It is frustrating to watch our patients engage in caries risk behaviors. From drinking sugary beverages to ignoring xerostomia, they are placing their teeth and their overall health in jeopardy. As dental professionals, what can we do? Read on for some new strategies to educate and motivate your patients to care about caries prevention.
As hard as it may be, we can't expect patients to be experts on the human body and all of its processes. Whole mouth and whole body health are a part of our vocabularies and our beliefs as care providers. We understand that a high-sugar diet can lead not only to dental caries, but also to diabetes and poor kidney health, as the National Institutes of Health notes. A cavity seems minuscule in comparison to these serious systemic diseases.
To understand caries prevention and increase their own self-motivating factors, our patients often need more education than we sometimes might think. For example, we must help them understand how a cavity forms before we can expect them to change anything to prevent cavities.
I cannot tell you how many times I've asked my cavity-prone patients, "Do you know what causes cavities?" and gotten a blank stare in response. I first explain that sugar plus bacterial plaque forms acid. Then, I spend a fair amount of time breaking down this formula with them.
After we explain how a cavity forms, we must ask again if there is anything in their lifestyle that may be putting them at risk for tooth decay. Patients may not understand dental plaque formation, but they understand lifestyle factors. Talk about the lesser-known caries risks, such as drinking alcohol or certain medications. It's best to not shame or blame patients for their choices, but to understand them and offer less damaging options, like diet soda at first before a total elimination of soda. A coaching tone is more effective than a lecturing, scolding approach.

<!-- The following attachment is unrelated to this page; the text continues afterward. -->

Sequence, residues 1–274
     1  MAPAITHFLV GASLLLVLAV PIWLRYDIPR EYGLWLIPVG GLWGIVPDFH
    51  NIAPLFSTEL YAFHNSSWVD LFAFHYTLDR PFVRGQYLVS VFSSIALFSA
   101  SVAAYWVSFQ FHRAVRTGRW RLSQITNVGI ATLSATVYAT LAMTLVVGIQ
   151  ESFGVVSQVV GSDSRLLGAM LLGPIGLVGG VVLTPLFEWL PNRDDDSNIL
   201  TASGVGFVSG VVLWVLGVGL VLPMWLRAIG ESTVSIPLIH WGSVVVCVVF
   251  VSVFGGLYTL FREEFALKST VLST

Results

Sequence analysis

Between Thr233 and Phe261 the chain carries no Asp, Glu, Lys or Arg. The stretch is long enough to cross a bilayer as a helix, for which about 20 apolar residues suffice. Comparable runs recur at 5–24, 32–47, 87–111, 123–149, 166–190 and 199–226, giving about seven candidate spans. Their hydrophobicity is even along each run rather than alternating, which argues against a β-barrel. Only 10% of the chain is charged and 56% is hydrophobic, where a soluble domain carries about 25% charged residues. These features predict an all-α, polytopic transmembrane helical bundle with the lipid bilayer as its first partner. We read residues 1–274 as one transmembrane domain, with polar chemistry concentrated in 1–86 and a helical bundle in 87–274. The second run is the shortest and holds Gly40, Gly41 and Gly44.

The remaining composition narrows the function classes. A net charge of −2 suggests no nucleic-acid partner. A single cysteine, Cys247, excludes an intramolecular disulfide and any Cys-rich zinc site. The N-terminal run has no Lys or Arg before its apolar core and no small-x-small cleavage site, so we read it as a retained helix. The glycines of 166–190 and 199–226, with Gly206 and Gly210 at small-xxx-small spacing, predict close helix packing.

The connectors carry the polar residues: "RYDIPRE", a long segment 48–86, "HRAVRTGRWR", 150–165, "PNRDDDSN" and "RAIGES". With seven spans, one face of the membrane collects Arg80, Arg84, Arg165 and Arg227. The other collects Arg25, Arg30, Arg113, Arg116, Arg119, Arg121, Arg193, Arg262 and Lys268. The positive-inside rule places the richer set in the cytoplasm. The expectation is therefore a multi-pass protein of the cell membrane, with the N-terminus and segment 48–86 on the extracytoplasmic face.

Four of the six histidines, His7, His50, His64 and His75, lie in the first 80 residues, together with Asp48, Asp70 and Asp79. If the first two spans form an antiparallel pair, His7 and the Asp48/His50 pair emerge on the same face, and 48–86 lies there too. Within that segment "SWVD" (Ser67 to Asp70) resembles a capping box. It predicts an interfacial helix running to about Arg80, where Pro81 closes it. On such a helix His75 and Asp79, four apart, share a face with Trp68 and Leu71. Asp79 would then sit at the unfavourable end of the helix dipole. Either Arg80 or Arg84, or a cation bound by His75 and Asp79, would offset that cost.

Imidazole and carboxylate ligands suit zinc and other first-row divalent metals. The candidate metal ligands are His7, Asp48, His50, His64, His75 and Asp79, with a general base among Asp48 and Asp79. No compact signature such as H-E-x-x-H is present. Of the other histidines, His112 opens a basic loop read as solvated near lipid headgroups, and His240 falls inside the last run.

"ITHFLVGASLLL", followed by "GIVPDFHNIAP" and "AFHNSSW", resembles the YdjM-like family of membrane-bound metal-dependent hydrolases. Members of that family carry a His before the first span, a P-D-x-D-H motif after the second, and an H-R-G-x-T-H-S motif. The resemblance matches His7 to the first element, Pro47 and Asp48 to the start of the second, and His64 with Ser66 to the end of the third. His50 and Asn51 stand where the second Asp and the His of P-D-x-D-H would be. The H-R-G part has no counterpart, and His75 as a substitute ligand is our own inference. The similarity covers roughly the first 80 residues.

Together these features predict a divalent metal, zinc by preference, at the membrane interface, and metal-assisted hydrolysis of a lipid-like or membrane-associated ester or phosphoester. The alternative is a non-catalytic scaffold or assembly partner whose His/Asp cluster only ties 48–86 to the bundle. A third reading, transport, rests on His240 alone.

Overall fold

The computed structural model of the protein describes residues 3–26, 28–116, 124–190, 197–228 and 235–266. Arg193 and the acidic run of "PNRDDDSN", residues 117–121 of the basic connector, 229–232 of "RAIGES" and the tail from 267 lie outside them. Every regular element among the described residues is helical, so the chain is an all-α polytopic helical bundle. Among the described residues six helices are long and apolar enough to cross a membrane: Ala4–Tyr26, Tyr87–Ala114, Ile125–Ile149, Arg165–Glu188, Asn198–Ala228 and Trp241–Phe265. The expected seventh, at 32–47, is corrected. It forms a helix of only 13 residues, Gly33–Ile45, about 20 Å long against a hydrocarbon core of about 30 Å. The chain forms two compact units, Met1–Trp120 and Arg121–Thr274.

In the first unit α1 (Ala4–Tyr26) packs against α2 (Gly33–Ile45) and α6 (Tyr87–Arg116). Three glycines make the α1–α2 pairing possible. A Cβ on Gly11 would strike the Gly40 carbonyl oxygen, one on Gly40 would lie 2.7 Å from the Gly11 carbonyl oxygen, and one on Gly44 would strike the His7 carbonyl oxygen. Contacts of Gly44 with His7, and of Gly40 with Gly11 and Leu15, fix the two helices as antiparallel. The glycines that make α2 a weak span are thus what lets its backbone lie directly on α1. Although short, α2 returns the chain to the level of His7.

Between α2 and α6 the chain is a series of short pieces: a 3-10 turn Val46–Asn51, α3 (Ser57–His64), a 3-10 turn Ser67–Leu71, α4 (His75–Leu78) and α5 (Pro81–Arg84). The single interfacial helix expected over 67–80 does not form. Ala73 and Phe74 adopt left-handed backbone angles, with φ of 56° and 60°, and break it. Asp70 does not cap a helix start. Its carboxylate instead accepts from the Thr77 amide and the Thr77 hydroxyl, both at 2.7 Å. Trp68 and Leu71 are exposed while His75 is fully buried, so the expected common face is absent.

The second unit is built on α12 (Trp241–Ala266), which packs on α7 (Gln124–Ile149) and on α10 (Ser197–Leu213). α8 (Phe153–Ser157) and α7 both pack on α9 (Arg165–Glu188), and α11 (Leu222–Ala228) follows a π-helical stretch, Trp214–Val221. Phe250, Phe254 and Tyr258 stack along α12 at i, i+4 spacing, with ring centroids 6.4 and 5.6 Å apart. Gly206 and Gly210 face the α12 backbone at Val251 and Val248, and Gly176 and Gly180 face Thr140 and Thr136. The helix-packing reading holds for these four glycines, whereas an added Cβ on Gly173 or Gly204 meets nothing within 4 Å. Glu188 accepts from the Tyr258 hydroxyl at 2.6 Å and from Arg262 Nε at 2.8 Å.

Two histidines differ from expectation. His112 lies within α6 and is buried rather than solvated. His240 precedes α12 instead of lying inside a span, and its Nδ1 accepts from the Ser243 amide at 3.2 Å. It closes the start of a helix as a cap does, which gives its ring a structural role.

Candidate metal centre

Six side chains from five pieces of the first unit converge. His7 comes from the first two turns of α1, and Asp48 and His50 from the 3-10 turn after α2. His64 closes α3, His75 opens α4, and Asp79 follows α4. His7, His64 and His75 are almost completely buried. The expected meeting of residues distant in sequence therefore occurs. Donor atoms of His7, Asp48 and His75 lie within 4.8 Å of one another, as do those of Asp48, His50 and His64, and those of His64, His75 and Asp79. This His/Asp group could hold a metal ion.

Discuss patients' capabilities when it comes to home care. What are their barriers to brushing and flossing nightly? Are they using a toothpaste like Colgate Cavity Protection that strengthens teeth with active fluoride? Are they thoroughly removing plaque each night? Give out disclosing solution or tablets to help them check at home. You can also recommend and use an in-office fluoride treatment like Colgate PreviDent Varnish for at-risk patients.
Have each patient fill out a questionnaire at the end of their appointment and see if they can identify their own caries risk factors. This series of questions helps patients and providers recognize what is affecting cavity rates and helps to catch any factors not yet discovered.
It is necessary to help our patients understand how their whole mouth and systemic health are connected. Knowledge of the consequences gives our patients the motivation they need to help change their behaviors. Regular caries risk assessments provide you and your patients the opportunity to identify hazards before cavities start.